There’s a truly forlorn looking array of ‘brownies’ that sell for £3.49 each, and they’re the same size too.

      I think it’s the proximity to coffee that lets them get away with it. People are so fucking wired from their coffee fix that they look at a tiny packet of peanuts for three quid and gibber ‘s-s-sounds like a b-b-bargain’ through their grinding teeth and hand over the money.

  8. I draw a different implication from the article. I don’t think Brockell is saying that people should not drink PSLs because that would deprive a livelihood for those third world people that produce nutmeg. Most of the article is devoted to describing the genocide the Dutch committed against the Bandanese. The unstated political message for today’s world, if there is one, is that the Dutch should pay reparations to the descendants of the Bandanese that they massacred.

    1. But that would be a different article, wouldn’t it? This one is all about linking the consumption of a drink in coffee shops with social evil. An article intended to educate about the history of Dutch colonialism would be informative. This one simply seeks to induce guilt among consumers of a beverage (and smug satisfaction among those who don’t drink it).

      1. Anthony Bourdain did a great episode on Congo and touched on the brutal history of Belgian colonization. His interview with the rail-workers was heartrending.

        1. I just read a book, ‘Blood River’ by Tim Butcher, that covers the region and the unbelievable awfulness of Belgian colonialism. It’s interesting – he recreates HM Stanley’s(of ‘mr Livingstone I presume?’ fame) expedition to chart the Congo.

          It’s a lunatic idea, but it does give a sense of how profoundly screwed up that part of the world is. Nothing works, there’s no law, tribal forces and militia just roam around doing what they want, whenever he enters a new area he just has to randomly bribe the local shysters and ‘leaders’, boats and buses turn up once a month if at all, etc….he made the journey in the early noughties but I don’t get the impression that there’s been much positive change since.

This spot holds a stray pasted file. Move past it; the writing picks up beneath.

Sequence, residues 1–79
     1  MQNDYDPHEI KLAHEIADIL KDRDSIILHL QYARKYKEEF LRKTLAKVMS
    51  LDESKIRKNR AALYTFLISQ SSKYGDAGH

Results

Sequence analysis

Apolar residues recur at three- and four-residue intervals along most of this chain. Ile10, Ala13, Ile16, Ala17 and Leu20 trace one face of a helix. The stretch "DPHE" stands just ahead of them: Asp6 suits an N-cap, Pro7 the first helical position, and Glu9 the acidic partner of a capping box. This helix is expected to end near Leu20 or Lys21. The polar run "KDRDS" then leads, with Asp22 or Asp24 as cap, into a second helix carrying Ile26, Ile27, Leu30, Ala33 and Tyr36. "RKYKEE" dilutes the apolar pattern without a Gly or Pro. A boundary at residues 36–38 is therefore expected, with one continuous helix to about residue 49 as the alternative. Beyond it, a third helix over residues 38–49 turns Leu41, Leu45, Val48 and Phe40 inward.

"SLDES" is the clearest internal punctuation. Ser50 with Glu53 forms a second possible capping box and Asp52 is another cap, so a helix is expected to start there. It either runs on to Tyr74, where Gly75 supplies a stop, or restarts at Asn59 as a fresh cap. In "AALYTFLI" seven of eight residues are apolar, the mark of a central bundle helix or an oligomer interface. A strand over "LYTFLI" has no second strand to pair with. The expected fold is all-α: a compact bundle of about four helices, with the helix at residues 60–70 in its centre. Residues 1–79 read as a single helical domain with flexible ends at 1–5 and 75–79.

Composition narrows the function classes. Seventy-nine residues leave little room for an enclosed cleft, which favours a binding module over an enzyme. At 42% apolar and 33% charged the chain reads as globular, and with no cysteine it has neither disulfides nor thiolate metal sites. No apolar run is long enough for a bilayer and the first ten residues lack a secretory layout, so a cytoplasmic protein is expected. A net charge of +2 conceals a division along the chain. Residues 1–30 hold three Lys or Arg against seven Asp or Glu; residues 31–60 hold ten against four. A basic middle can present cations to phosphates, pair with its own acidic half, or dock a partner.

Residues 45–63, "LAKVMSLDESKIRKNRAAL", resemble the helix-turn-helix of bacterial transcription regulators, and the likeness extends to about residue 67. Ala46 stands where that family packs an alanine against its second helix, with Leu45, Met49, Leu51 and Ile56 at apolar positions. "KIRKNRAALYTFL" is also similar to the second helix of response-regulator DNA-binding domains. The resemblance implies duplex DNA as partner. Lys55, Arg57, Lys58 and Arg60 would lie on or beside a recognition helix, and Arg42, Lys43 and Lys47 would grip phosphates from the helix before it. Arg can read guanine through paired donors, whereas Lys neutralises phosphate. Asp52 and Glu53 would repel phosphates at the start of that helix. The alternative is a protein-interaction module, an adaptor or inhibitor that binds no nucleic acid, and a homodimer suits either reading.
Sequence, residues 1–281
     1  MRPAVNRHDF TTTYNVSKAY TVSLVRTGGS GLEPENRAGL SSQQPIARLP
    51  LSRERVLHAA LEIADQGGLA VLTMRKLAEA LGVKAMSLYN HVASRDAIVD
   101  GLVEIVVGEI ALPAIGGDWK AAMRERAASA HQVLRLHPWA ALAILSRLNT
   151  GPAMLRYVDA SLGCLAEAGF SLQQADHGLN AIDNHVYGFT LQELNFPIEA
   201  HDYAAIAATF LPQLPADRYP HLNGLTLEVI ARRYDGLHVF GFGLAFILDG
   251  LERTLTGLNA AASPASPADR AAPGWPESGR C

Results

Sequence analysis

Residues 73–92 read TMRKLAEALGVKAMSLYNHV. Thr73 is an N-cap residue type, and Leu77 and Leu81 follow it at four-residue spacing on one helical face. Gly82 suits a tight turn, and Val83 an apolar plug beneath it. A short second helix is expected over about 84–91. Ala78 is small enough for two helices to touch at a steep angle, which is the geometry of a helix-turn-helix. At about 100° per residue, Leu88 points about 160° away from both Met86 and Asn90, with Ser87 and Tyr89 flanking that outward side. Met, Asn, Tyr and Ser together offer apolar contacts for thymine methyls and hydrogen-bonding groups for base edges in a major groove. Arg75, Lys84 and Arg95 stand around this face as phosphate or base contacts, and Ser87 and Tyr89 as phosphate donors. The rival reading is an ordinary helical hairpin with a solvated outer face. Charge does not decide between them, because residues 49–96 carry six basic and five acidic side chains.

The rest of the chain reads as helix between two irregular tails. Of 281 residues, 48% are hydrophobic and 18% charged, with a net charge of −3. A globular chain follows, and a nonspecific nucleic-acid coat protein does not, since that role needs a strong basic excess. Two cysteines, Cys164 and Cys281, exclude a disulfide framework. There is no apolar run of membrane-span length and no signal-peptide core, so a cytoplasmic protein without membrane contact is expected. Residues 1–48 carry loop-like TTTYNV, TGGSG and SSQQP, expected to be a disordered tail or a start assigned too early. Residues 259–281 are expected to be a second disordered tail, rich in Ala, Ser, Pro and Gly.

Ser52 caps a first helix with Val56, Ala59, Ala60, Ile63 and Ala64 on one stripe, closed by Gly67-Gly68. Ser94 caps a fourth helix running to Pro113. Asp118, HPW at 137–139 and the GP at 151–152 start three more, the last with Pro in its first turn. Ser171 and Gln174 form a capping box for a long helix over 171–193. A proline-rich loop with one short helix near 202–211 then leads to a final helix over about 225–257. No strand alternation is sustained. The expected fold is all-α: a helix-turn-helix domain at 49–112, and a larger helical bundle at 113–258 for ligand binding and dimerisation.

2. I agree. I don’t think it’s trash, and I came away having learned something I didn’t know.

      I personally think the link to Starbucks was a clickbaity springboard for an article that otherwise no-one would bother reading. The connection was badly expressed though, and would inevitably be considered admonitory, so why risk it?

  9. Is there any Left-leaning venue that hasn’t succumbed to Wokeness?

    The Daily Worker? 🙂

    Okay, technically it doesn’t exist anymore (and hasn’t for quite some time now), but I think the People’s World website lays claim to being its successor of sorts. Not one of my regular stops, but a quick scan of it just this minute doesn’t disclose any items about pumpkin spice lattes or other indicia of bourgeois wokeness. Looks to be still bangin’ the drum for the old internationalism and proletariat class-consciousness and solidarity.

    1. IMO there are actually plenty of liberal outlets that haven’t succumbed to wokeness, especially considering how nebulous a term ‘woke’ is.

  10. As a non-coffee drinker and lover of real pumpkin pie spices, mixed with real pumpkin, I find the smell of those commercial mixtures nauseating. I actually like the smell of real coffee, but what is the totally artificial-smelling junk they put in so many of the so-callex specialty coffees? Vanillin perhaps?

  11. Lattes are ruined espressos. Never touch the stuff.

    The history in the article is interesting (follow the link to the thesis for a good study on what happened) otherwise just another pile of woke crap. Shame on the WaPo editors for letting those parts of the article through.

    1. Fact is that coffee is intended to be consumed black. Unadulterated. As god intended.

      Mixing cream or other substances into it is proof of one’s acceptance of racist and colonial ideas.

  12. Is anyone else nostalgic for the old days when the problem was satanic messages being back masked on heavy metal albums, and you did have to worry that drinking a latte was covertly empowering the second-coming of Hitler?

  13. Giles Milton wrote Nathaniel’s Nutmeg about the nutmeg trade ,the Dutch let the Brits have New Netherland -Manhattan in exchange for leaving the Dutch alone in the Spice Islands .
    I think it is a bit more complex than that ,Nutmeg was thought to cure the plague and was very expensive .

    1. Of course she “unreservedly loves” Starbucks pumpkin spice lattes. Duh, she’s a white girl. Now the poster child for that vile concoction.

  14. Wasn’t it only last year we had articles saying that attacks on pumpkin spice lattes were inherently sexist because it’s a popular drink among women?